I have been seeing in these last 30 years technology advancement that defied my belief, robots that perform surgery, cars driving themselves, ubiquitous telecommunications, instantaneous access to world information, smart materials that regain their shape and so on. I dreamed about these things when I was young but that was science fiction, now it is science, actually it is everyday life.
Hence, I should now be more receptive to forecast that defies current technology capability and usually I am. But in the news I just read I have to say it still looks like science fiction with no foreseeable horizon to become science. Of course, I might be really wrong.
The reason this news piqued my curiosity is that just a week ago I engaged with a group of friends into a discussion on the advances of Brain Computer Interfaces and the issue of augmenting the human brain through electronics was among the most controversial topic. That involved a way to connect directly a brain with a "chip" and leveraging from the combined "software" capabilities.
We discussed technology at the edges of feasibility and its implication on ethics, social, economy, the all made easy by plenty of wine ;-)
However, this article from Esquire is speculating on the possibility of cloning our "self" into a machine to achieve immortality (as long as the server will not crash....).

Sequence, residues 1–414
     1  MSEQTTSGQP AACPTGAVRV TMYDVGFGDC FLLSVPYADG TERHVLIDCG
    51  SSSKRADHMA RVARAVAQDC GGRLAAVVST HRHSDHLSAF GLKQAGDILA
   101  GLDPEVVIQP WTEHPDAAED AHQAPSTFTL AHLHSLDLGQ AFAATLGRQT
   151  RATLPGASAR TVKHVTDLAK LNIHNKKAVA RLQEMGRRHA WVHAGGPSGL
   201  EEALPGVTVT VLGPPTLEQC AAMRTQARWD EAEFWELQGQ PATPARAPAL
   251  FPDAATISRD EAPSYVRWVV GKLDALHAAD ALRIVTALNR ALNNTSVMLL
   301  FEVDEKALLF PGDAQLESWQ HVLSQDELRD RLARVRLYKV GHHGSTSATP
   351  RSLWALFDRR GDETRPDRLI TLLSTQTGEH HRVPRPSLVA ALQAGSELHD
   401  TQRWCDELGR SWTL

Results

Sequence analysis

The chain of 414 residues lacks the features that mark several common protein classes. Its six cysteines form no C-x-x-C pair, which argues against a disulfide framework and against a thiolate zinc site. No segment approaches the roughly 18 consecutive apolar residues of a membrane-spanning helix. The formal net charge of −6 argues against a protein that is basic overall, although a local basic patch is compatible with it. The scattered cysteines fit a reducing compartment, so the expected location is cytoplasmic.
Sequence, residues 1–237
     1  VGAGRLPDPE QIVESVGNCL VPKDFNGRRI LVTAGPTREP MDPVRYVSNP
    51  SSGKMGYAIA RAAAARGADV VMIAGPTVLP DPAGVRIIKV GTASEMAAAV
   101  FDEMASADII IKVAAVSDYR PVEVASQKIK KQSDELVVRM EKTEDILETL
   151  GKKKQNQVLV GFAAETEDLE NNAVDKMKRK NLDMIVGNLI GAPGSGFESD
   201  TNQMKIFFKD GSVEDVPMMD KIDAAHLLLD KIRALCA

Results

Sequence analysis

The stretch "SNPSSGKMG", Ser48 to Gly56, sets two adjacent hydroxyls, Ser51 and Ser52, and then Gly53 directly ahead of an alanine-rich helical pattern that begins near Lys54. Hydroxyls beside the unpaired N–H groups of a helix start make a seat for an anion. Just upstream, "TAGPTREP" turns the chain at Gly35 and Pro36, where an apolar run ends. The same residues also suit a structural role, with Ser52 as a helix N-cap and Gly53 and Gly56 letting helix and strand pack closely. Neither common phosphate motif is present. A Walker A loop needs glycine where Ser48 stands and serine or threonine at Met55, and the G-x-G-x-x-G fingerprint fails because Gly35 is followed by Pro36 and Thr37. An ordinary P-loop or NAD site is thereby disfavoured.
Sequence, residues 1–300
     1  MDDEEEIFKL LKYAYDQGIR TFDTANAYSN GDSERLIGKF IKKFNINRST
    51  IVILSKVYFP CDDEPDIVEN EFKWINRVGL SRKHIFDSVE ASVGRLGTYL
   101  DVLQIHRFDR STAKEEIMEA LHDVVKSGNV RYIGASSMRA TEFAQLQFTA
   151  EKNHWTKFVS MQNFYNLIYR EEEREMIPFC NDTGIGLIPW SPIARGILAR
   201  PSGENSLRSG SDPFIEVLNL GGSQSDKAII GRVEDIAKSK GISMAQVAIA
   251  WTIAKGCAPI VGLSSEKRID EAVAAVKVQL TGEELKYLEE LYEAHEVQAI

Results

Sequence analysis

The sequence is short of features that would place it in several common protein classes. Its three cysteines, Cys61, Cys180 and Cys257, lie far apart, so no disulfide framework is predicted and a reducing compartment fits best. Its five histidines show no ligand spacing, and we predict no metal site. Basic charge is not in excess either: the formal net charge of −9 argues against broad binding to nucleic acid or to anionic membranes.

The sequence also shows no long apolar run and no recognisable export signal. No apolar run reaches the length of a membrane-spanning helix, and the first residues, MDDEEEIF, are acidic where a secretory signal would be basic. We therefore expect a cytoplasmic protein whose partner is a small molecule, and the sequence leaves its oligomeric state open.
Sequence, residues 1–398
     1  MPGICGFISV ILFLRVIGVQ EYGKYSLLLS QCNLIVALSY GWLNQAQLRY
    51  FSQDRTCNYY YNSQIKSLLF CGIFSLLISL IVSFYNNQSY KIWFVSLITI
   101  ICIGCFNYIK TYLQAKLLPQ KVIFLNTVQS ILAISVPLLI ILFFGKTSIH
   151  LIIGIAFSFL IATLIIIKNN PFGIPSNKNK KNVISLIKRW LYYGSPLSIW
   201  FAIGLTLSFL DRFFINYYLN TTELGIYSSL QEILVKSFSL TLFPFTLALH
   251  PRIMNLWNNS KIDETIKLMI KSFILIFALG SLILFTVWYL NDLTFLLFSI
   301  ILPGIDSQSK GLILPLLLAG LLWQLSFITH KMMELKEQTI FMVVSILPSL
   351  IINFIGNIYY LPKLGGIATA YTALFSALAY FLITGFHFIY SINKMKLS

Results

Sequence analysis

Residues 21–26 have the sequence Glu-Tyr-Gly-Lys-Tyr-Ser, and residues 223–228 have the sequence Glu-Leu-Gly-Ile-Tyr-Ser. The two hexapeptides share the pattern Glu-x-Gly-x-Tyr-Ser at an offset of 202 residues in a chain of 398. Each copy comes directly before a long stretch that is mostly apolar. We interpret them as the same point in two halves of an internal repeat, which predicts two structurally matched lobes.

And this is something that I feel is impossibile, as was also noted in one of the comments to the article. It is not just about technology, although I see the transfer of a brain into an artificial repository really far fetched in pure technology terms. It is about what you transfer: a brain is not a chest of drawers that you open look at and manage to replicate somewhere else. Simply put a brain has no drawers although sometimes we talk about areas where memories are stored. It is a dynamical system where the interactions are as important as its structure.
I realise this is drifting on a philosophical debate started thousands of years ago well before we understood there was a brain and what it was it all about.
Nowadays scientists (at least most of them) accept that soul and matter are one and the same but when Esquire suggests the future possibility of cloning a brain it basically suggest the transfer of the soul (information) falling once more into the duality. This is what seems wrong to me and it goes beyond technology.
Nevertheless, the fact that someone is starting to discuss about these possibilities from a scientific standpoint is, per sé, amazing.